Not sure if it's Wadds week here at ginger towers, but his post today picking up on the whole Dennis Howlett/PR's can't pitch theme got me writing way too much as a comment, so I thought I'd stick some of it here.
The nub of Howlett's piece is that PR email pitches are rubbish. I first cottoned on to the piece on the back of Becky McMichael's comment. Before he (quite nicely) gave her credit for being a ballsy lass who knows her stuff.
Anyway, I have a bit of sympathy with Howlett's POV (who I don't know and have never pitched to).
As co-incidence would have it, I was spouting off about the reasons why the PR industry might face this over-reliance on email criticism at a really good Metrica/CIPR breakfast meeting this week (on measurement as it happens - but I went a bit off piste...)
It was slightly head in the lion's mouth time, but I reckon that the PR industry (probably in common with many others) is over-reliant on email. Simple.
Drew Benvie also reaches a similar conclusion in his post today, in which he concludes:
But what I'm getting at is that I believe that email is broken as a universal business comms tool.
I am in that lucky long-in-the tooth position to offer this historical version of events - which also makes me think that even though things are bit broken, they can still be fixed...
Before faxes, telephone (and postal) relationships were the best non-lunch/drink way of knowing journalists.
With the advent of faxes, you could save yourself some time by sending stuff instantly. Though mass-faxing was always a bit of a pain. The phone was still very important, but less so. Journalists went out to meetings/drinks/events quite often as financial pressures started to bite at newsdesks.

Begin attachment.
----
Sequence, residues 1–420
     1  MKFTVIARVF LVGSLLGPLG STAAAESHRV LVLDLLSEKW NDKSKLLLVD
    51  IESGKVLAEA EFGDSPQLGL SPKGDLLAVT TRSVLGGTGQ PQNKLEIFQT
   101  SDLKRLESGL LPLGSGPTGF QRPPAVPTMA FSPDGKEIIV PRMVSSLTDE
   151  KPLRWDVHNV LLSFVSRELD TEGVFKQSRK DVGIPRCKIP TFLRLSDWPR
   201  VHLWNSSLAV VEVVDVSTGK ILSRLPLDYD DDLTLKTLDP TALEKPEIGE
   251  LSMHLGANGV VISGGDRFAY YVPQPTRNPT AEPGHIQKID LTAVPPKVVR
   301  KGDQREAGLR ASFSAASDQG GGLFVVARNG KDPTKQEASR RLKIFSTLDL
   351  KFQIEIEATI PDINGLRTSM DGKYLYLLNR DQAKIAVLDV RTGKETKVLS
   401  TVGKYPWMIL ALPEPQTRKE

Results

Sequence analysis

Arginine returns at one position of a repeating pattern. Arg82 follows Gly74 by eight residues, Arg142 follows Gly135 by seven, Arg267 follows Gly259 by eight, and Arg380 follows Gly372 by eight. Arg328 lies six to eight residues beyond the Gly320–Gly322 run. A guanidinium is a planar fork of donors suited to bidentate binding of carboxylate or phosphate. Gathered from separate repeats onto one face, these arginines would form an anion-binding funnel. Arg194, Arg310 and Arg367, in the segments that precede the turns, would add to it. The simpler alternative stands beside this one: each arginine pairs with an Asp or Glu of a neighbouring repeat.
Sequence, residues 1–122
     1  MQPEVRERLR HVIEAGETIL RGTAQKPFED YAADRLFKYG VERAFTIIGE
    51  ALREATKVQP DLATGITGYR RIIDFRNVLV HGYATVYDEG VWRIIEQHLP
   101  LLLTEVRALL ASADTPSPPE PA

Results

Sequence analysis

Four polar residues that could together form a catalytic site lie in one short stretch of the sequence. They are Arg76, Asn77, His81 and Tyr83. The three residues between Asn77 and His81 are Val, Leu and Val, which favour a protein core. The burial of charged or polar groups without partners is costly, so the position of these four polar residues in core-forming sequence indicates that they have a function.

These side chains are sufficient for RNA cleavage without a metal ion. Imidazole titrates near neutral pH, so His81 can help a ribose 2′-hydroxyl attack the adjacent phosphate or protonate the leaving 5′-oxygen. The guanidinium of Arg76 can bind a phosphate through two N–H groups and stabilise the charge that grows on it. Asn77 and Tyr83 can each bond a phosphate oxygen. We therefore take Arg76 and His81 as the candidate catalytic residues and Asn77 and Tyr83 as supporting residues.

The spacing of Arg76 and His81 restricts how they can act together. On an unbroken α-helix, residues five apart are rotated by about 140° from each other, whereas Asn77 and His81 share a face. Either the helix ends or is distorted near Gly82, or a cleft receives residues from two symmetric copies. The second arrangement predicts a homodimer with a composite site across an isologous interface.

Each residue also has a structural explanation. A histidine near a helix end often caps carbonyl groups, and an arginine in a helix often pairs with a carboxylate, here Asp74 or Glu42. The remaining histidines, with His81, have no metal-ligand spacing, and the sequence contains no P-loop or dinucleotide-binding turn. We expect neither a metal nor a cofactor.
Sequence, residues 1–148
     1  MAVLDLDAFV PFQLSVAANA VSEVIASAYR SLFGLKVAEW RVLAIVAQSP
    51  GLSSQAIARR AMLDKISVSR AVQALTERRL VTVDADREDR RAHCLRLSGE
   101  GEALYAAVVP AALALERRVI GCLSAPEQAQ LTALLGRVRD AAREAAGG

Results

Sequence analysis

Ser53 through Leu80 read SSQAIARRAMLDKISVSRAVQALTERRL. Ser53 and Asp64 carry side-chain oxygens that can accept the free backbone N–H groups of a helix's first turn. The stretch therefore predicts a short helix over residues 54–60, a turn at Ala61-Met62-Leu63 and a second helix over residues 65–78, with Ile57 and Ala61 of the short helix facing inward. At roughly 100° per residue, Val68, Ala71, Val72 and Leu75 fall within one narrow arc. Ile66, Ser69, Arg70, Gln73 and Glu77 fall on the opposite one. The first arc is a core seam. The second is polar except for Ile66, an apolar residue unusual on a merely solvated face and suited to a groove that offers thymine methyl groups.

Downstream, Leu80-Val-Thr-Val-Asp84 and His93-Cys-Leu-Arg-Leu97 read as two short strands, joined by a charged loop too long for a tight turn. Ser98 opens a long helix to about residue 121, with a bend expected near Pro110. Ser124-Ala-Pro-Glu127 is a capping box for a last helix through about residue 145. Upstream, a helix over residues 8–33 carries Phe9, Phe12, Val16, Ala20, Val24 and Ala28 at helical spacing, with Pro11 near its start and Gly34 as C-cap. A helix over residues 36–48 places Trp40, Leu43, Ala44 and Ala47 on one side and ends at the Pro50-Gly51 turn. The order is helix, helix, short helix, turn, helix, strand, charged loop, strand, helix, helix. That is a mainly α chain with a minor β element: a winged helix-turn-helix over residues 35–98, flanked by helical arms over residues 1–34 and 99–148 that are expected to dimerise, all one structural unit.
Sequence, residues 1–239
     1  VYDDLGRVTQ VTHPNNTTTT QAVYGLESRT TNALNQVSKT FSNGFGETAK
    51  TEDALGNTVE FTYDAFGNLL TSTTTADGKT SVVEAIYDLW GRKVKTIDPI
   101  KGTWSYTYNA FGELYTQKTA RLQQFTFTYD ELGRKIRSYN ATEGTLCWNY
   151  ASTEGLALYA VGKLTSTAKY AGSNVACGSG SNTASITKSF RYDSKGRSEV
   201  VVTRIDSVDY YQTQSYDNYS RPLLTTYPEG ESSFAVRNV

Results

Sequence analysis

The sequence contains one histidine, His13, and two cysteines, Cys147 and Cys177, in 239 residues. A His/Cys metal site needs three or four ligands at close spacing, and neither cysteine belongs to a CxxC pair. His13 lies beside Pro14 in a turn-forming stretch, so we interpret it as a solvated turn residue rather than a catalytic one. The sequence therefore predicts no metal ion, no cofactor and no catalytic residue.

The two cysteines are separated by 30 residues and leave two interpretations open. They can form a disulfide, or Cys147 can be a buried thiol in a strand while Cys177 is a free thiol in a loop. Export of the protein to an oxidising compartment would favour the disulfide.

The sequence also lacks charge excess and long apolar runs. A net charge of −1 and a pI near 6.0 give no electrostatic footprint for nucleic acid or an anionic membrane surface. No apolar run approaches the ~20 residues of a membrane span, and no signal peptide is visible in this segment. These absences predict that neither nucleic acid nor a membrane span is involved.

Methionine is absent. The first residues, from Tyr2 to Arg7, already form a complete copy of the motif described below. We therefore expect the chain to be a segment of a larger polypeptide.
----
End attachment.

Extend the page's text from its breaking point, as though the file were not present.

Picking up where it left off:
But then email came along. And you need no relationship with a journalist (or even 150 journalists) to ping them all the same thing. This co-incided with reductions in news-gathering budgets. Media started to be more reliant on stories which came into them, rather than them finding stories. Meaning there was an added incentive to email. More pages got PR-able.
But that history leads us to we are now - with blacklists, and bad pitch blogs and journalists getting totally hacked off with spraygun emails and follow-up phone calls.
That's one of the reasons I'm such an advocate of comms techniques like twitter for anyone who wants to get on in this business. PR students, and PR Directors - take note...
PR (and increasinly digital communications and social media) is all about relationships, listening and being useful. Microblogging (and blogging for that matter) tools help with that listening. And help with those relationships. No question.
So my advice to budding PRs is to get used to following journalists on twitter, reading what they write, or listen to what they broadcast each day. Build a relationship with them.
And get used to pitching in 140 chars (or less), if that's what they want. And avoid the bacn.